In April, as poets have for centuries, we'll celebrate poetry. For our next Books Plus discussion program, we'll be highlighting sonnets - one of the shortest and most versatile of poetric forms. Did you know what King James I, Prime Minister William Gladstone, American abolitionist William Lloyd Garrison, President John Quincy Adams, and Edith Wharton all had in common? They loved to write sonnets!
Now you don't need to compose any of your own, but if you have a favorite that you'd love to read aloud, please come and share. Or sit back and let language flow around you. We'll explore this little song's history, discuss its variations, how contemporary poets have made it their own, and why a sonnet is still a sonnet even if it doesn't rhyme.
We hope you can join us this coming Sunday, April 7 at 2:00 p.m. in discovering anew one of our best creations--the sonnet. All are welcome and refreshments are provided. More information about this and upcoming Books Plus discussions below.
April 7 - Little Songs: Exploring the Sonnet
Discussion Leader: Dory Lynch
For over five hundred years, poets have written enduring sonnets about love, friendship, death, and nature. In only fourteen lines, authors have shared their views of the world. From Shakespeare and Petrarch to modern poets such as Billy Collins, Rita Dove, and Carol Ann Duffy, the sonnet has continued to amaze and inspire. In honor of National Poetry Month please come explore the kind of poem that Dante Gabriel Rossetti called the "moment's monument". If you don't like the tight rhyming structure of the old sonnets, we will include some contemporary ones in modern language. Please bring a poem to share - a favorite of yours, either a sonnet or one in another format that you love.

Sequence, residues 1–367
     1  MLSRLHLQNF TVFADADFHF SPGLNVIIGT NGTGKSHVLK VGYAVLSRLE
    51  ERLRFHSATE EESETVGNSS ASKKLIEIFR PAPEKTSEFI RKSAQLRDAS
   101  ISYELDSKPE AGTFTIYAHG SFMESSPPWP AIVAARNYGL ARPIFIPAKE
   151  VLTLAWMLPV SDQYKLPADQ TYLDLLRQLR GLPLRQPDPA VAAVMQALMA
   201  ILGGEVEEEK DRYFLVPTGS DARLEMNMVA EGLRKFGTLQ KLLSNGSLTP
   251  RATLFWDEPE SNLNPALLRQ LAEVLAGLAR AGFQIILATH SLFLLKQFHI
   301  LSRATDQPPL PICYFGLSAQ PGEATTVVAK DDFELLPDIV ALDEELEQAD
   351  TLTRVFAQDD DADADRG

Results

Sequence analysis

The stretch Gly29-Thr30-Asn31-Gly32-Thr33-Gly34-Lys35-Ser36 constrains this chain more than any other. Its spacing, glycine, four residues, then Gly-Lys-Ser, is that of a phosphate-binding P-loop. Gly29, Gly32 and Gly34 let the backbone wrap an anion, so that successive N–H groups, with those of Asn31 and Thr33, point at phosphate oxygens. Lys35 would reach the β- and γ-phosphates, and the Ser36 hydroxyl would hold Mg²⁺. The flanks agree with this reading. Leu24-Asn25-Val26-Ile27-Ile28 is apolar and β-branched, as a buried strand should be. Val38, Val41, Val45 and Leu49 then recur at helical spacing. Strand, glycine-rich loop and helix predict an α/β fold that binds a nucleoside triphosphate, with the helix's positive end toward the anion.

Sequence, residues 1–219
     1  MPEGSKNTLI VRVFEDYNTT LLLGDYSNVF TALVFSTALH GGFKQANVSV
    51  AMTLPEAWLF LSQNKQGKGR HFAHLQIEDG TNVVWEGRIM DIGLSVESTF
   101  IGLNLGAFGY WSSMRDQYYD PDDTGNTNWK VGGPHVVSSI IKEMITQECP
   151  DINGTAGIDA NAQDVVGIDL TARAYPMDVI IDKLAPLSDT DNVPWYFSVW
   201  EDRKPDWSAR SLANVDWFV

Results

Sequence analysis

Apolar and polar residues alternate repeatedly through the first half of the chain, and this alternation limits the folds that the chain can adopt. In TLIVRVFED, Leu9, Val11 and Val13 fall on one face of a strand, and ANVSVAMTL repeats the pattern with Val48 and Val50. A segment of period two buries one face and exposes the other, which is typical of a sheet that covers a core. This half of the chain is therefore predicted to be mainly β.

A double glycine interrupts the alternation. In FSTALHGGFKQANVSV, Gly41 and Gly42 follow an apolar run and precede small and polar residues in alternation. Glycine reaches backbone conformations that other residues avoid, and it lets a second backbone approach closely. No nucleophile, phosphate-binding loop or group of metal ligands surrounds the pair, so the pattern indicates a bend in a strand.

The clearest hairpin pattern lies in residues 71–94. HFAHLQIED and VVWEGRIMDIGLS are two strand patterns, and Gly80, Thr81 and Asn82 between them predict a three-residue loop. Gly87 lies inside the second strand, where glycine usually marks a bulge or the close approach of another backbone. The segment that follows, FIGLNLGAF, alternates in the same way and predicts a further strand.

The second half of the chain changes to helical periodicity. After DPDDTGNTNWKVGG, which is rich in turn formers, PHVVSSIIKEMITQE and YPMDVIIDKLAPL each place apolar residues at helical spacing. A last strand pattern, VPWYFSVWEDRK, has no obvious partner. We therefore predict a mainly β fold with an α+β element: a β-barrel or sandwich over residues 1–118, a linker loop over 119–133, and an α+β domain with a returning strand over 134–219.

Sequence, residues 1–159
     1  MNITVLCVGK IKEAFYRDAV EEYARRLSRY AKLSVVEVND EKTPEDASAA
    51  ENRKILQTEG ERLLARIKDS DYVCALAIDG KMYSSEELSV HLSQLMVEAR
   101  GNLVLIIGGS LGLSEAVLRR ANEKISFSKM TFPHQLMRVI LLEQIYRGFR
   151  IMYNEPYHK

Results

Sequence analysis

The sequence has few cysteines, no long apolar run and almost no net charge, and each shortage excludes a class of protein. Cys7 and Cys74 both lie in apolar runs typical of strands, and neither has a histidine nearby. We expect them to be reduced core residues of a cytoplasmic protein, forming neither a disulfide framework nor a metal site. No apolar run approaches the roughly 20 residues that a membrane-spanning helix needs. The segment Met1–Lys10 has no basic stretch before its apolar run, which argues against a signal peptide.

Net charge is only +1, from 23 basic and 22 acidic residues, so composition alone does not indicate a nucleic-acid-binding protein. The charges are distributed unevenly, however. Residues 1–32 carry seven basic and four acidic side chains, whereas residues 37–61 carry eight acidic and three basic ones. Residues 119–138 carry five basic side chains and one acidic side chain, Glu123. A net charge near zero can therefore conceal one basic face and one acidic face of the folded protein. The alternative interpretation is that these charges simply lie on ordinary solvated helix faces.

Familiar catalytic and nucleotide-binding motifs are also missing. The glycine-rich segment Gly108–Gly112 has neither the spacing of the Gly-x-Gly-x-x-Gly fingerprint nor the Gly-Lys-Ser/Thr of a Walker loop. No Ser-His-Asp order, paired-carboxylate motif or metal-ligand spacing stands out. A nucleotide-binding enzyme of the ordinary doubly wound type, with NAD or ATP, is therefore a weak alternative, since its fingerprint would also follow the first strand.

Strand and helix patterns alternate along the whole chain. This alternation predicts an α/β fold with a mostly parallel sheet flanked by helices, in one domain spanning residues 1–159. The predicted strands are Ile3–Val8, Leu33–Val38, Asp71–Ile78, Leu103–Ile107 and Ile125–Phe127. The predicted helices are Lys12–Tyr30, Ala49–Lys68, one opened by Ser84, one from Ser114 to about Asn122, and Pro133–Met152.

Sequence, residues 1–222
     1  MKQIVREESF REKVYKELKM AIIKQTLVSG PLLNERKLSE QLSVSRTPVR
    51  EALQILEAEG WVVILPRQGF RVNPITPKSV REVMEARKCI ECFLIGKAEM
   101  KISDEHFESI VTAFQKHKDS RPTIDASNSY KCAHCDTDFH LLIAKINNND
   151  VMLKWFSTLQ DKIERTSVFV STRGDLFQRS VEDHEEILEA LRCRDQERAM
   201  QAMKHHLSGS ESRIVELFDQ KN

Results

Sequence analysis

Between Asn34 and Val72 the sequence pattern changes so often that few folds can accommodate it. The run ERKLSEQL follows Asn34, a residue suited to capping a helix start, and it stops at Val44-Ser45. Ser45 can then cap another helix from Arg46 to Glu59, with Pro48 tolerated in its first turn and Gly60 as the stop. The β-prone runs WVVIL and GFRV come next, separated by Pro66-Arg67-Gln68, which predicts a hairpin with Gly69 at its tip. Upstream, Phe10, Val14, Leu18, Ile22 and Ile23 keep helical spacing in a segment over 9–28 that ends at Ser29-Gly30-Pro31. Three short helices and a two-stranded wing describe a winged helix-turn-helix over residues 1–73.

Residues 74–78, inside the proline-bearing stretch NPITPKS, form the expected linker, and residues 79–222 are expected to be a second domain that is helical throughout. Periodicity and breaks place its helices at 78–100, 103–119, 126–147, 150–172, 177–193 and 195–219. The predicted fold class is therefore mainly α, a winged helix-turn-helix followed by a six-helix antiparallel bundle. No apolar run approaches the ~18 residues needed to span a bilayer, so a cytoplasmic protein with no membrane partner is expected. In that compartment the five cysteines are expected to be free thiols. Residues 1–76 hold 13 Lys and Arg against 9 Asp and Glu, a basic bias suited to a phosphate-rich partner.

May 5 - The Forgotten Garden by Kate Morton
Discussion Leader: Luann Dillon
From 1913 to today, from England to Australia and back again, generations of a family keep their secrets guarded and their gardens locked.